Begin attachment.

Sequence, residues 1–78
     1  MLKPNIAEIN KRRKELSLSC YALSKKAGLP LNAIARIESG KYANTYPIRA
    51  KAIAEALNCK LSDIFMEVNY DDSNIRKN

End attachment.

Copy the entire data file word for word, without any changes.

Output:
Sequence, residues 1–78
     1  MLKPNIAEIN KRRKELSLSC YALSKKAGLP LNAIARIESG KYANTYPIRA
    51  KAIAEALNCK LSDIFMEVNY DDSNIRKN